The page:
If there's any bias on CR's part, it's against recommending products that have not scored well in their evaluations and/or have dubious repair & reliability records. That's a judicious stance.

BTW, Fiat Chrysler Automobiles is not an American company.
The bias that would show up at least with the way that they use to do things isn't within CR itself. I find that they do a pretty good job with their reviews, it is actually with the user base which is where they get their data from (unless they no longer do things that way). When I said they (i should have been more clear) I am talking about those who subscribe to consumer reports. As it turns out we don't take ad dollars doesn't mean that your results are going to be perfect or better.
 

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One thing that you will find with Dodge/Ram, Ford, and Chevy/GMC is that they sell HD trucks that the "higher" rated companies do not. These trucks are used hard and put away wet. They are used for hard work. Thus, they will have more issues. These issues reflect poorly on the companies when much of the time it comes from right out abuse of the product.

You will also fine the Big 2.5 also have a much higher percentage of their 1/2 ton trucks used in fleets, which also leads to the same issues.

Consumer reports allow their personal bias to show also. They hate MFT and Cue, and thus are much more harsh on those products than they are on products that have low tech infotainment systems, like Toyota. Of course, that does not explain the Fiatsler issue, as they have generally liked U-Connect.
 

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Discussion Starter · #17 ·
I just don't get it. Why is it American brands have such a difficult time with reliability? It must be a cultural thing because it's year...after year...after year, much to their chagrin...and nothing changes. If it were not a cultural thing, it only seems logical the companies would have addressed the issue by now. There really is no other way to explain it.

Or am I just not seeing the bigger picture? Please help me and please don't say Buick as a counter example because Buick has been inconsistent at best and is just a microcosm of a huge industry of across the board failure.
One thing to remember is that these rankings are all relative to an average. It's not that American brands are that bad, it's just that the competition keeps improving year after year and American brands lag instead of lead.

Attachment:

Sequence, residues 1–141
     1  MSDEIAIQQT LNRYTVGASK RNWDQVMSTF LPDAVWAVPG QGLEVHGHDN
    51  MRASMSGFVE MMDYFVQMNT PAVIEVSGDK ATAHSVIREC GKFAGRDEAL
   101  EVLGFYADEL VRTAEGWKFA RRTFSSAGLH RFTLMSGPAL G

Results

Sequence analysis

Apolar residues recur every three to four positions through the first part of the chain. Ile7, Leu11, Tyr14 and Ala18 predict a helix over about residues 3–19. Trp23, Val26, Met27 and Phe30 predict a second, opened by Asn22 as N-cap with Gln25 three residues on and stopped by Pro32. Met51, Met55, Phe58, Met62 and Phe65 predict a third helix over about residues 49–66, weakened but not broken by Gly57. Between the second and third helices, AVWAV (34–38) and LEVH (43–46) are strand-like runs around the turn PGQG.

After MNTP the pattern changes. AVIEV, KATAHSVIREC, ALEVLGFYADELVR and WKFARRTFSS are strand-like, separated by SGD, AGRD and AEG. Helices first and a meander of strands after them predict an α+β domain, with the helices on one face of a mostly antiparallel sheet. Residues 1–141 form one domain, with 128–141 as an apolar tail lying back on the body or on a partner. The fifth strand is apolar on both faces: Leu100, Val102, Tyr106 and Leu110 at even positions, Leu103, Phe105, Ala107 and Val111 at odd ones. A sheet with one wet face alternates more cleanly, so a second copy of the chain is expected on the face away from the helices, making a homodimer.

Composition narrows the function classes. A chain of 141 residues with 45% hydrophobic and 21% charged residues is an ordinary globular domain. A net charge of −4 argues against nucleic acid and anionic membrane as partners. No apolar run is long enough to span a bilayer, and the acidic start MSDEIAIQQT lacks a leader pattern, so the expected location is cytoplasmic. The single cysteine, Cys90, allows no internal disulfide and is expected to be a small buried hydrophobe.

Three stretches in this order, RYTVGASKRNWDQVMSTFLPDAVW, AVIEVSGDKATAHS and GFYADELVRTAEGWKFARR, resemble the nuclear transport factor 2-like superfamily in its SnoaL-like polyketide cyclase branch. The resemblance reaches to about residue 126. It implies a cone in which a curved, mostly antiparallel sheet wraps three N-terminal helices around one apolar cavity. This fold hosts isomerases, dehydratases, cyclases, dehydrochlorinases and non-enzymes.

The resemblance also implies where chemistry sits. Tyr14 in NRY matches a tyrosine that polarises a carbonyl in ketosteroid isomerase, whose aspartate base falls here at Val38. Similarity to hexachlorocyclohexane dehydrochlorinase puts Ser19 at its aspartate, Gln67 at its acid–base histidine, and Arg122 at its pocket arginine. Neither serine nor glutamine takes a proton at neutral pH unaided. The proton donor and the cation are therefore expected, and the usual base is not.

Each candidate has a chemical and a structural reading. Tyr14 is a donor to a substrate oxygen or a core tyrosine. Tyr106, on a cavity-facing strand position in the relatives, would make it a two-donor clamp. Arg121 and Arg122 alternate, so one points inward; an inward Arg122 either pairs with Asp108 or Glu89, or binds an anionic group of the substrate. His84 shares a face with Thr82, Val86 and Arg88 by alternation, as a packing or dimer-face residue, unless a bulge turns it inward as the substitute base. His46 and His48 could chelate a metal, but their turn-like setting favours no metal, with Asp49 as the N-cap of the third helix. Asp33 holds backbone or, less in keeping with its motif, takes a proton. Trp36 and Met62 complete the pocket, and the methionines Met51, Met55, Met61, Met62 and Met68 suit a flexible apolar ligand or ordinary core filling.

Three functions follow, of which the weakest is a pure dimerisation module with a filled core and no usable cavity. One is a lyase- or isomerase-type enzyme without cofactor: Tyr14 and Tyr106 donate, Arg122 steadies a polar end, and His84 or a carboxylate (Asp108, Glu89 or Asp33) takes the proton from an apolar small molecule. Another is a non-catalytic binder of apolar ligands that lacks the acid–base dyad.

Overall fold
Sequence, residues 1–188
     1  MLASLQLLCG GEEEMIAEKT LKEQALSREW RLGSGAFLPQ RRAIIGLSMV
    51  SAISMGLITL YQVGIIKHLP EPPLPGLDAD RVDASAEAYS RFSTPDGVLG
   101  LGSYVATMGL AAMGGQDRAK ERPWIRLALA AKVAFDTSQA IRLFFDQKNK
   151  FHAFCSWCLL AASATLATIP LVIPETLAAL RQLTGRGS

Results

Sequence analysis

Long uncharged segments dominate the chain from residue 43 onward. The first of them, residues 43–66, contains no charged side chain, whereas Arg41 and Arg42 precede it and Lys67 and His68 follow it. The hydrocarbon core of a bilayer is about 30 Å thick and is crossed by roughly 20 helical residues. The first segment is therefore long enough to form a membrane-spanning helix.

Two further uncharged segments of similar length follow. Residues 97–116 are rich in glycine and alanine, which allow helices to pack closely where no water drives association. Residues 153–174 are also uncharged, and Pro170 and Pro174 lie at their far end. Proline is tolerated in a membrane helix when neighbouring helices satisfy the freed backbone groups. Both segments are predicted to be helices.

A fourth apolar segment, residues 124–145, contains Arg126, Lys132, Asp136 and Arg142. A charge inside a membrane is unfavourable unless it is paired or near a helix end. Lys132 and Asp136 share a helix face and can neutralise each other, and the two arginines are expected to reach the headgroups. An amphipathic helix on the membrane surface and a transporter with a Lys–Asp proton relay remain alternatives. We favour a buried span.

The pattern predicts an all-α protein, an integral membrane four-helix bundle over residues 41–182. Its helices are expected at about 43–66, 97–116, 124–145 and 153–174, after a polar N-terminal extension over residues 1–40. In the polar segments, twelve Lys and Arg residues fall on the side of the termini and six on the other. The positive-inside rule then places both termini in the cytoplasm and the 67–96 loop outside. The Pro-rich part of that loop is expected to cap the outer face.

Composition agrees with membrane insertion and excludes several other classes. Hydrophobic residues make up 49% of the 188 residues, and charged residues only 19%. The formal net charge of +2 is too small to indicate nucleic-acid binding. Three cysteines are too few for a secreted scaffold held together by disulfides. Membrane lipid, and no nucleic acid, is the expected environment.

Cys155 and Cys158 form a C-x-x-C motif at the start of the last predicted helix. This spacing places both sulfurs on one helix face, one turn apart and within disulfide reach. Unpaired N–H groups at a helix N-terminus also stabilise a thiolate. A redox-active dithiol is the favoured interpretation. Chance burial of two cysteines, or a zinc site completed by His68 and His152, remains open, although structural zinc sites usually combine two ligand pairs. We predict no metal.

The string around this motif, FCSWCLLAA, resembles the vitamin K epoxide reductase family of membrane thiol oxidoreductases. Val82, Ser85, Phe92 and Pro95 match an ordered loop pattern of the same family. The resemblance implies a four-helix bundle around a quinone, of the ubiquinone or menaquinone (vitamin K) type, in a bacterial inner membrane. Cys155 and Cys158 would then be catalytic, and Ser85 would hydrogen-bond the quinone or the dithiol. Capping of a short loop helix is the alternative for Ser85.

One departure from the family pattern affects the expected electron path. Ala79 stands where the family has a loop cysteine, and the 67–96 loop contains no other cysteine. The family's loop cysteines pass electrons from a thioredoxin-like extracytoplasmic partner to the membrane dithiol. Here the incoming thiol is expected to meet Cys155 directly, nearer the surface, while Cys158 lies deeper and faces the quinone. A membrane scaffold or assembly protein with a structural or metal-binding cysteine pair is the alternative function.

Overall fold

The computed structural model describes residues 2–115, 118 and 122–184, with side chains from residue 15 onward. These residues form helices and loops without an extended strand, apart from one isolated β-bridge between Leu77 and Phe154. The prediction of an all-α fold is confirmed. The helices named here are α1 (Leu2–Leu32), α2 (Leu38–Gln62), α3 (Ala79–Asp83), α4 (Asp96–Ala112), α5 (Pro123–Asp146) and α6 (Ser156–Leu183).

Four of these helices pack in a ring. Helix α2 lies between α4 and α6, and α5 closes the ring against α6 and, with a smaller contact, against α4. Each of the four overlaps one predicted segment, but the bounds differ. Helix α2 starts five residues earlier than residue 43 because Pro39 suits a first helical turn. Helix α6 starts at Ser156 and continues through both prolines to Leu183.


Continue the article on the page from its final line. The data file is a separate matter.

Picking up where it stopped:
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Why is this a surprise? It has ALWAYS been this way.

Since the '50s when my Dad bought Plymouths because they were the cheapest and crappiest used cars. But he was a genius at keeping them going because they were simple and parts were cheap.

Since the '60s when Dad finally decided to but a new station wagon, and the shifter on the Plymouth he was test driving fell off in his hand. He bought a Ford (something he had never done before) because he couldn't wear a hat while sitting in the Chevy. Fords served us well for another 40 years.

Since the '70s/'80s when my brother was left on the road multiple times by various MOPAR compact fleet vehicles at AT&T. When he asked about getting something better his boss laughed and told him "maybe, give it another ten years, too many ahead of you who paid their dues in those POS's".

I know MOPAR builds some appealing looking vehicles, but there is just very little substance there. They depend on each new generation of buyers not hearing or not believing the institutional knowledge out there. I don't know, but suspect adding FIAT to the mix isn't going to help. Those of use who worked on the FIATs of the 70's will NEVER forget.
 

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They also dumped on the Cruze and Ford small cars as they are way inferior to there love children Corolla and Civic. I know a total of 8 Cruze owners and none have had issues with any 2012 on up cars. Only a small number of 2011 cars had turbo issues and the oil smell problem.
 

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One thing to remember is that these rankings are all relative to an average. It's not that American brands are that bad, it's just that the competition keeps improving year after year and American brands lag instead of lead.
You mean like toyota's taco,or nissan's frontier? Same same with the tundra and titan.I know,they're trucks,but I don't care much about cars but the point is the same.The taco and frontier are damn near 10 years old.The tundra had a bling upgrade but still has the same old underpinnings.The titan should be all new for my15....with a cummins option.same with the frontier maybe for 15 or 16.